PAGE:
Walton Lea Nursery (Pennant)

Walton Lea Project

Walton Lea Nursery is an unusual place. Not only does it operate as a commercial nursery, run from a Victorian walled garden, but it also provides supported employment for around 50 adults with learning difficulties. The nursery, near Warrington, has become a tourist destination and was given the Visitor Attraction of the Year Award by local businesses.
Kate Fitch, horticulturist for the project, says that people with learning difficulties have really benefited from the project. "It builds up people’s sense of worth. We have people who come here with zero confidence. After a few weeks they are able to mix with people, communicate and do things they had never been able to do before. It makes a huge difference."

Around 50 adults with learning difficulties work at the centre. The adults are aged between 17 and 60. The majority are men, although there are seven women. Most of them work at the garden two or three days a week. At any time there are usually around 16 adults working at the nursery. In addition, there are four support workers. Most of the workers are referred by Warrington Borough Council and the nursery receives funding through social services.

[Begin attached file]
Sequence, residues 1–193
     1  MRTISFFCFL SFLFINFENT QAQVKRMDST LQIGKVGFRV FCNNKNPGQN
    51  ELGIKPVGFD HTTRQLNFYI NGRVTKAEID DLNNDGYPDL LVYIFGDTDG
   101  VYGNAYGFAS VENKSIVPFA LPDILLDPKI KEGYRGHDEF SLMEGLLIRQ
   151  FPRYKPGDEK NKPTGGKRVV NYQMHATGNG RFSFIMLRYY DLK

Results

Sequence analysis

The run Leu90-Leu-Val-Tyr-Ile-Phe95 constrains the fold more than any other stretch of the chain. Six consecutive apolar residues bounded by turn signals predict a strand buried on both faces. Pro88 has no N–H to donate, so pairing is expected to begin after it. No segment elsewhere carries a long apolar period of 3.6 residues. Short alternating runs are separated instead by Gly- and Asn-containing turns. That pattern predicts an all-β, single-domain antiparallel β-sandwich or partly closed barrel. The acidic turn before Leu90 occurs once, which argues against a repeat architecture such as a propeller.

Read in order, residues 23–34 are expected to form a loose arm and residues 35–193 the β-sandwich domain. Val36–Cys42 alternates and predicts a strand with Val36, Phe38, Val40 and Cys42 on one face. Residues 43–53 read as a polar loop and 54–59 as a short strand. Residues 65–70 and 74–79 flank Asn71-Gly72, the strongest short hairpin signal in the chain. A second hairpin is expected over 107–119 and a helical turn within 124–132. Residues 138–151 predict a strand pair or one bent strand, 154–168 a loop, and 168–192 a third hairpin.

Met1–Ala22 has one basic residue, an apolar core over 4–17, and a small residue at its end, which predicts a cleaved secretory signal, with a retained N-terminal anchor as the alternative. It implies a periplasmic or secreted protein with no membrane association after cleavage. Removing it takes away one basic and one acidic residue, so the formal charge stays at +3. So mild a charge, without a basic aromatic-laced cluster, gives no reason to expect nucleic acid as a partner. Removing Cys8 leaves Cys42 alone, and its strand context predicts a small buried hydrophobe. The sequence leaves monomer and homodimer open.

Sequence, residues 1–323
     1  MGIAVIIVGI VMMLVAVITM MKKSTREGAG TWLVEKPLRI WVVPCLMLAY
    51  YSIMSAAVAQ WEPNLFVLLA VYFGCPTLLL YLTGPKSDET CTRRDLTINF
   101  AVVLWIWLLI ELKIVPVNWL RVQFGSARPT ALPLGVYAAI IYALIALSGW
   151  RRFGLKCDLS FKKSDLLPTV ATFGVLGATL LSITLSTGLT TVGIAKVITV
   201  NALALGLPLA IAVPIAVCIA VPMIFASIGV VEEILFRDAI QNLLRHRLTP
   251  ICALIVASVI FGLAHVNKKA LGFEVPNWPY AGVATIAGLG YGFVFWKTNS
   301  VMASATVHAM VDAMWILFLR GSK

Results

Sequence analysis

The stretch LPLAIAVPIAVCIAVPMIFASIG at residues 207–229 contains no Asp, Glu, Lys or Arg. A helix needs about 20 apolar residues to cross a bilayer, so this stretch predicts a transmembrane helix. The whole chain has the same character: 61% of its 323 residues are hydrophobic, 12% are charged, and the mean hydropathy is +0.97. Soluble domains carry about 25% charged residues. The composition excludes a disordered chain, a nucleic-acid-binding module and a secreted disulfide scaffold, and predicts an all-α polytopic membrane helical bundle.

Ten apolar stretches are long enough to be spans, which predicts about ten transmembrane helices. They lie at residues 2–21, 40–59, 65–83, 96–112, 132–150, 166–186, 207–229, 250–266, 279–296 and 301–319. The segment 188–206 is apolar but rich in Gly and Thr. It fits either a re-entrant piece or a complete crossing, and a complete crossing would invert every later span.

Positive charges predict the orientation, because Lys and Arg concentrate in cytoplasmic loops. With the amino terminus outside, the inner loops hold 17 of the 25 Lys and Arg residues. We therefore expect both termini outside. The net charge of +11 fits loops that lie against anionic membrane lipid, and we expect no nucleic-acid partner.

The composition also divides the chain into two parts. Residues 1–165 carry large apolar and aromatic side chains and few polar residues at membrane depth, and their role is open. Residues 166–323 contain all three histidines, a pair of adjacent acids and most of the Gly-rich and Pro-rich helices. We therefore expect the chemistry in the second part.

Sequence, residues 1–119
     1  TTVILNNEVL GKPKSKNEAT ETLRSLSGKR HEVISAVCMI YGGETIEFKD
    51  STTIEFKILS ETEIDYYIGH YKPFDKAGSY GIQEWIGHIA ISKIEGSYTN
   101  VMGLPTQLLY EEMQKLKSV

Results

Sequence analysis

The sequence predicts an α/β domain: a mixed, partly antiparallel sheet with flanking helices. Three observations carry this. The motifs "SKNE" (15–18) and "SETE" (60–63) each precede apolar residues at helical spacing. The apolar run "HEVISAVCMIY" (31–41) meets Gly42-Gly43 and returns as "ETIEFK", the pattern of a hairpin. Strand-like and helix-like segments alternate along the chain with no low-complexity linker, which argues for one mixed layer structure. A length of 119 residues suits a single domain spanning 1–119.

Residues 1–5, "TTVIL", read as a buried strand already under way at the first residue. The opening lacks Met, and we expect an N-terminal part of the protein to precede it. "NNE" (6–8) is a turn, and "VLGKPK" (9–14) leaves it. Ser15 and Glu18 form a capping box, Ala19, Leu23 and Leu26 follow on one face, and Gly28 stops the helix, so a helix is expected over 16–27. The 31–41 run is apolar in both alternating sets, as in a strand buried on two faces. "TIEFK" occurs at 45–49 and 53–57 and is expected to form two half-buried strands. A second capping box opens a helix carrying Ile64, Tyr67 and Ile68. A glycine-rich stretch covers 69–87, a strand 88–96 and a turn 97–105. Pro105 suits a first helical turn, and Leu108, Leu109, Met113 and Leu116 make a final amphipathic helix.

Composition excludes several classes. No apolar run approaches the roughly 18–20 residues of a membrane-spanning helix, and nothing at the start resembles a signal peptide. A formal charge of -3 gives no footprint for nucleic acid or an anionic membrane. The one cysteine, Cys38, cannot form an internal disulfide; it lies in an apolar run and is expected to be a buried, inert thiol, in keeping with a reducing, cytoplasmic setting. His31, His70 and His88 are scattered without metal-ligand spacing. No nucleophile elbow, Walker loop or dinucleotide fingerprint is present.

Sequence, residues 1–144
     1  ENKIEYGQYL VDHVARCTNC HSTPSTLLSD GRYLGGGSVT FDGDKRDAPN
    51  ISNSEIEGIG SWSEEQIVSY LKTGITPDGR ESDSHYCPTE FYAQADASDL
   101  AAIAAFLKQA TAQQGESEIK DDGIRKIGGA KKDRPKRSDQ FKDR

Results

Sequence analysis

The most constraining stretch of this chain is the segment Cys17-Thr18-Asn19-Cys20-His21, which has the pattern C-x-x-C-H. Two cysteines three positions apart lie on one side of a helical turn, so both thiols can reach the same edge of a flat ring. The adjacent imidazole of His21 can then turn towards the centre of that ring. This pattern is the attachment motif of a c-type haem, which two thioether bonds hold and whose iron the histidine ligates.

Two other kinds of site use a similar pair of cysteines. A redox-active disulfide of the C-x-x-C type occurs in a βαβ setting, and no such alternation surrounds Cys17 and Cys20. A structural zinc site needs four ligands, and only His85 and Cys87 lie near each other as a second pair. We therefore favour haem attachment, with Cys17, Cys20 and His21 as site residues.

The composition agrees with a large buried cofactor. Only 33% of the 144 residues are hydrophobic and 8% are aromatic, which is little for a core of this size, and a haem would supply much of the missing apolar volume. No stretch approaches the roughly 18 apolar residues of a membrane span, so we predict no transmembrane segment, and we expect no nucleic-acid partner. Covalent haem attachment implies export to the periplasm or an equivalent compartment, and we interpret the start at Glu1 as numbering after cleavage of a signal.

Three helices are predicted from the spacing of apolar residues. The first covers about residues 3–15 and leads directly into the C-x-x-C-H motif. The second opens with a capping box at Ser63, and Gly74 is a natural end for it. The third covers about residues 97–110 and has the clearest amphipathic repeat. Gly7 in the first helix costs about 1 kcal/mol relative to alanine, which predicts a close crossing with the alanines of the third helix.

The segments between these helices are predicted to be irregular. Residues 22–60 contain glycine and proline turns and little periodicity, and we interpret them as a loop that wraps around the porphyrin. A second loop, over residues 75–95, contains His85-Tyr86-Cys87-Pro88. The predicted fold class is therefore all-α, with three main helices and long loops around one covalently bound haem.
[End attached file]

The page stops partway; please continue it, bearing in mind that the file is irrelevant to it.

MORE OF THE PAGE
The workers do various jobs from growing to selling. In addition, the nursery runs a mobile shop that takes produce to sheltered housing. The project runs a farmers’ market once a month.
The garden was built in 1864 — on a site that was exactly one acre and which was carefully aligned to make maximum use of the sunlight. The nursery grows a wide variety of cottage-style plants and unusual heritage varieties of fruit and vegetables to make the nursery an interesting destination for local people.

Fitch says: "We specialise in unusual items such as oriental poppies and interesting penstemons, which are sold in pots. As far as edible produce is concerned, we can’t really compete with the supermarkets, so we concentrate on interesting soft fruits such as blackcurrants, redcurrants, whitecurrants and gooseberries." The nursery also sells strawberry plants in hanging baskets. "People like these because they look unusual and are less prone to slugs," she adds.

Most of the produce is grown without pesticides and the nursery scrupulously re-uses pots and trays. The garden has a variety of top fruit such as Victoria plums and damsons as well as traditional varieties of apples and runner beans.
The nursery continues to develop. In 2007 a new classroom — built in a log cabin — was provided through landfill tax credit funds. In addition, the nursery received £20,000 from the Secret Millionaire programme on TV. "This was wonderful, because it gave us a lot of publicity and meant that local businesses were keen to support us," says Fitch. She now has her eyes on the future and hopes to build more glasshouses, for which the nursery is currently looking for sources of funding.

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